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email & analytics 88 Responses

Last post: 4 years, 9 months ago | Thread started: Mar 8, 10, 12:32 p.m.

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  • johndiggity

    not sure if anyone can figure this out, but any help is appreciated.

    we contracted with an email marketing service to send out a newsletter on behalf of one of our clients to a list of people (400,000) who had opted in. no spam.

    after the newsletter (which drives to a contact form) there was no great increase in site traffic according to or google analytics. however, the email sender is saying that a few thousand recipients opened the email and clicked through.

    there is a huge discrepancy and no one can figure out why this is so. a few people here have received the email, clicked through and shown up in the google analytics. so we know the email goes to the right place.

    any ideas what is going on here?

    Mar 8, 10, 12:32 p.m. – Permalink
  • DrBombay

    Not sure but you could have used a URL shortener like bit.ly to easily track click-thru metrics.

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    Dog-earMar 8, 10, 12:36 p.m. – Permalink
  • johndiggity

    true. but i'm starting to wonder if this email was even sent to the correct list. we will probably use bit.ly and landing page just to test and make sure the email works.

    any other ideas? maybe the mailer got flagged as junk?

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    Dog-earMar 8, 10, 12:39 p.m. – Permalink
  • JazX

    I wouldn't recommend using GA professionally. Of course, that's my opinion but... So you're seeing a large amount of people opening the E-mail but not following the calls-to-action (HREFs), which you should be able to track obviously, within the E-mail?

    1. Was the dB legit, ie., E-mail addresses real?
    2. Did the 3rd party group actually send out 400,000 at once? That sounds awfully large.
    3. Was the content compelling?

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    Dog-earMar 8, 10, 12:45 p.m. – Permalink
  • johndiggity

    yes, i agree with everything that has been said. i am always reluctant to do email marketing because of just this fact. other people have been involved to this point and have asked me to help them figure out what happened.

    1. we were informed that it was, as it was purchased for this reason (geography, incomes, etc)

    2. not sure. it was within the span of a few days possibly.

    3. probably not. (but there was a free offer on the email and people love free shit—supposedly)

    i am told we have used the email vendor before for another client and that the number usually jive every time we send a blast out. the problem here is the large discrepancy between the analytics and what the email is saying.

    we do not host the site and the site hosting company is telling us they don't have any analytics (nothing like urchin) for the site as well.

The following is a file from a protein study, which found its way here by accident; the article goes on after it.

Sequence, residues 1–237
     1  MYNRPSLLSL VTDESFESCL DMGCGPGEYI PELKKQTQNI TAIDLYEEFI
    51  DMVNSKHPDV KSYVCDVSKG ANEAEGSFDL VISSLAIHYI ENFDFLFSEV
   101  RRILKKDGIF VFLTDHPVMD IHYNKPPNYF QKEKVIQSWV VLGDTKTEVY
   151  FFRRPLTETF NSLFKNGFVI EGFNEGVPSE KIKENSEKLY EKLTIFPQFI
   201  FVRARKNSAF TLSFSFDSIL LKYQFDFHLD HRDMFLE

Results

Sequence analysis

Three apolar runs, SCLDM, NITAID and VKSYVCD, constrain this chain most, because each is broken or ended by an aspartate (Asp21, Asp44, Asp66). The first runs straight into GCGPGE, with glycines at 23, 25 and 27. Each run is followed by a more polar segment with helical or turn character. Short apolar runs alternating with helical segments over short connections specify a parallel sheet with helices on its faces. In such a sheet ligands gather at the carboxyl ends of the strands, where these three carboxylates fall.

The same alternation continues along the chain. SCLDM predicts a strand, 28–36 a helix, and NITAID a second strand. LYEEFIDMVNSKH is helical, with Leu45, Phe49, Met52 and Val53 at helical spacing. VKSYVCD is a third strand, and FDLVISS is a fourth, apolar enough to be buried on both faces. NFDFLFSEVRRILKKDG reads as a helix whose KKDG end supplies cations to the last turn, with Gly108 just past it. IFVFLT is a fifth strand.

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    Dog-earMar 8, 10, 12:54 p.m. – Permalink
  • JazX

    So, your answers to 1. and 2. are out of your control and 3. might be because the target audience's E-mail clients might have blocked the content or they read it as SPAM. One of the two? I don't know, I'm just saying, trying to help dude. o_O

    Obviously, better to control your own mailings and such.

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    Dog-earMar 8, 10, 1:16 p.m. – Permalink
  • johndiggity

    yeah, i totally agree and appreciate your help and insight. wasn't trying to be rude at all.

    i am thinking that the email vendor sent out the wrong creative to our list. that is really the only explanation at this point. if that is the case, they are not admitting it. any way to verify this?

    • No, I thought I was coming across as rude, LOL! ;)JazX
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    Dog-earMar 8, 10, 1:22 p.m. – Permalink
  • dMullins

    There are so many outer lying factors in email marketing. I can't even begin to diagnose the problems without being involved.

    It could be grey bounces, lack of tracking on your form page, people opening emails with Preview Pane, etc etc.

    List goes on...

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    Dog-earMar 8, 10, 1:48 p.m. – Permalink
  • JazX

    Send unique E-mails to 50K at a time, easier to manage these than 400K at a time. Test the E-mails on a number of different E-mail clients, unless the 3rd party tool does it for you (some do). I agree, if there was a free offer, chances are people will sign up for it, if it's a good prize item or whatever, which makes me think, even more, that this didn't go through properly. It's not very practical, but if you could test the E-mail on a test group that might help.

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    Dog-earMar 9, 10, 4:44 a.m. – Permalink

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